It has been almost one month since the standoff started on April 10, 2012 between the Philippines and China at the waters around at Huangyan Island (Scarborough Shoal). This standoff raises a new round of debate on the dispute between China and other claimant states on both the sovereignty and maritime jurisdiction.
For too long, the United States has allowed its fixation on the renminbi’s exchange rate to deflect attention from far more important issues in its economic relationship with China. For a growth-starved US, the opportunities for access to China’s markets far outweigh the currency threat.
On 3-4 May 2012 the United States and China convene their 2012 “Strategic and Economic” Dialogue. As the two powers and governments meet in Beijing for two days of intensive discussions and negotiations over a wide range of complicated issues, much uncertainty surrounds the relationship.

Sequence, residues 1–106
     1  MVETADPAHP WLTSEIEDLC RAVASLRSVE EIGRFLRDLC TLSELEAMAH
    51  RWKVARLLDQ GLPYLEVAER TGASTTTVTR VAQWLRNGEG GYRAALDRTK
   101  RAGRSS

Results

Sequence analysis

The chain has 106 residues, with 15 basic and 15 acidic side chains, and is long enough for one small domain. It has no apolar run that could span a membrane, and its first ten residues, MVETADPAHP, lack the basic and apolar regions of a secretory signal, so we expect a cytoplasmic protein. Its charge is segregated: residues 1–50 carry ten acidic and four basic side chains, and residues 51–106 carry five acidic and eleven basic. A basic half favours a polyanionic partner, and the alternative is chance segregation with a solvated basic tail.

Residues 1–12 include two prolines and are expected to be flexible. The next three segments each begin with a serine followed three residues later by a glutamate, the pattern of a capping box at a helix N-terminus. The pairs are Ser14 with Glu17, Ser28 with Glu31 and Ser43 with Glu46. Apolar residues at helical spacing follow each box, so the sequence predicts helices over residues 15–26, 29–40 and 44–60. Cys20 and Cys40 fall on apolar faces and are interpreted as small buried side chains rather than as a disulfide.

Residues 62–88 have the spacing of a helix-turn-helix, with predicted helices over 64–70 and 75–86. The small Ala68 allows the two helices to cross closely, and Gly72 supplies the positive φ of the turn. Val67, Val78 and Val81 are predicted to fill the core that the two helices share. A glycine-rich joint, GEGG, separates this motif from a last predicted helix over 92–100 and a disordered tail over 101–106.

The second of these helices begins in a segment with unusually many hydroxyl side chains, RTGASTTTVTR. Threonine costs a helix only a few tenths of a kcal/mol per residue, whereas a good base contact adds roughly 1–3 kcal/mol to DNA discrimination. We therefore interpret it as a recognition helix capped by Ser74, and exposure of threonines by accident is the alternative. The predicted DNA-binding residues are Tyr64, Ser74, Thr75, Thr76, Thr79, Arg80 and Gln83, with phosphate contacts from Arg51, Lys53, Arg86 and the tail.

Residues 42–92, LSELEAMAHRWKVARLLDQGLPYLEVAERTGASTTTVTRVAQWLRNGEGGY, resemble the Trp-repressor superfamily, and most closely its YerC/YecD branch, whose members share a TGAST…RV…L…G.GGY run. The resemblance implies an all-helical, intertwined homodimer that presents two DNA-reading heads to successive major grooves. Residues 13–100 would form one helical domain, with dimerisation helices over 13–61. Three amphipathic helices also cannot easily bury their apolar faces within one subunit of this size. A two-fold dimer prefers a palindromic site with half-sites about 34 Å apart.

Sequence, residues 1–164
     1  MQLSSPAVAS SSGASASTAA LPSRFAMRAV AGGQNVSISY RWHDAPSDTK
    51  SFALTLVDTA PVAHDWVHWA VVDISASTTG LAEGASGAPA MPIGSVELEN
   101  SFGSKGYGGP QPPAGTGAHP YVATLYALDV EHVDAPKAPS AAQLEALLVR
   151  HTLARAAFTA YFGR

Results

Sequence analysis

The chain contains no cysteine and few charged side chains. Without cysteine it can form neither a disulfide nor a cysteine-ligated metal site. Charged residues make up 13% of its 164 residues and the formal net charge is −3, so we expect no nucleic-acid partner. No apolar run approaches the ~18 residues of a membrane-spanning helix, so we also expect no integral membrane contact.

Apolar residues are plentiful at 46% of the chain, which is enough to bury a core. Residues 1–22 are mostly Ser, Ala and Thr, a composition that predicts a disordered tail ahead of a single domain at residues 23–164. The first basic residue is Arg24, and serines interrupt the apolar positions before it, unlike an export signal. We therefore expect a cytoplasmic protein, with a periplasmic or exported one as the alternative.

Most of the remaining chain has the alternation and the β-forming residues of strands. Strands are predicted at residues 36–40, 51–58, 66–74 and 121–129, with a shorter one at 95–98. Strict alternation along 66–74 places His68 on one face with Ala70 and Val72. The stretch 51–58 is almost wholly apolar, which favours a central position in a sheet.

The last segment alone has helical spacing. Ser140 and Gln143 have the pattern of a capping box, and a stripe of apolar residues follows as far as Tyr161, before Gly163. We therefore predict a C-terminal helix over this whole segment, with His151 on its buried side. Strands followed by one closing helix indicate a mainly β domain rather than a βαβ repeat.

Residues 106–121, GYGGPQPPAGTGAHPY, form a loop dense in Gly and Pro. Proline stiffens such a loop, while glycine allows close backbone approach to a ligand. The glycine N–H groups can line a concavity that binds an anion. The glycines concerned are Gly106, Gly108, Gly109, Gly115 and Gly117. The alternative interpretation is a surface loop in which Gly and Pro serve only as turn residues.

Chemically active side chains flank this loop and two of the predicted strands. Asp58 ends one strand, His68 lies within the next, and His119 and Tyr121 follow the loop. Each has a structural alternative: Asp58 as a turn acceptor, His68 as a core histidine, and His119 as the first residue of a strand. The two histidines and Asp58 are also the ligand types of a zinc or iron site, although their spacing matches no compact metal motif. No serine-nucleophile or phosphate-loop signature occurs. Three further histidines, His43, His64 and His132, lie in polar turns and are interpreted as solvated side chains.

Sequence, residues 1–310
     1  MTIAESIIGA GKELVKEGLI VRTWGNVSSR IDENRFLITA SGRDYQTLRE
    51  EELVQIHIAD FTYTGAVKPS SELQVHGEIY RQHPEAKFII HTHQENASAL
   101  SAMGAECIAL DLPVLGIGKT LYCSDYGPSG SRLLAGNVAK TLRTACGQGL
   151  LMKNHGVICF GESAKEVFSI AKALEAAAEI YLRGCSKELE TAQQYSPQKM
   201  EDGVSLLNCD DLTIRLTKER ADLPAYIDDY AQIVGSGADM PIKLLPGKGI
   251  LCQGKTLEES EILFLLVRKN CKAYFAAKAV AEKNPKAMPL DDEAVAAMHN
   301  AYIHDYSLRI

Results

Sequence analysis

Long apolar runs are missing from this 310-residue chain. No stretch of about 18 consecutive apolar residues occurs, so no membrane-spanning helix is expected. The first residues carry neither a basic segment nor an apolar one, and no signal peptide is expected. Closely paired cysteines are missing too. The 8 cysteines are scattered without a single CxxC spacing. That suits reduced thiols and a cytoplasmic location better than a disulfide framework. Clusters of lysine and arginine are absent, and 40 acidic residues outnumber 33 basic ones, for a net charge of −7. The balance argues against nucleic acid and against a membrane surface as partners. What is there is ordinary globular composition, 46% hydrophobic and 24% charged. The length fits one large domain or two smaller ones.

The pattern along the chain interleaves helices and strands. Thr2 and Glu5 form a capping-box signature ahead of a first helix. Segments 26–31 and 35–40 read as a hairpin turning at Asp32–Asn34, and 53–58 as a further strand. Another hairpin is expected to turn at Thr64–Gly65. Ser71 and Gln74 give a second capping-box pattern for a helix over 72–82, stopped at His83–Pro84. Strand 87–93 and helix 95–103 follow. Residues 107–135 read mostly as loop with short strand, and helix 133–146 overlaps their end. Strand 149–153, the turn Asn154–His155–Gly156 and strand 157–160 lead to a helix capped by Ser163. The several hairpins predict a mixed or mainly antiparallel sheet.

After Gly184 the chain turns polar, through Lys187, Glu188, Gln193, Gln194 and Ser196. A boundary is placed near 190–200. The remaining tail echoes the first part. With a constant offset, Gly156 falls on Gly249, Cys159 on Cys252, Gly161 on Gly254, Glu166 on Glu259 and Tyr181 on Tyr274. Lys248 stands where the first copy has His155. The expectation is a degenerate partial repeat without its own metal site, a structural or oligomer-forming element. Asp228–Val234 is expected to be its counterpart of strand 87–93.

In an exclusive interview, Ambassador J. Stapleton Roy speaks about China’s increasing influence in international institutions and the idea of international structural change. Since the collapse of the Soviet Union, the US is generally perceived as the sole super power nation. This notion has changed as the rise of many developing countries start to participate more actively in international affairs. He envisions China’s role in selecting heads of IMF and the World Bank will increase.
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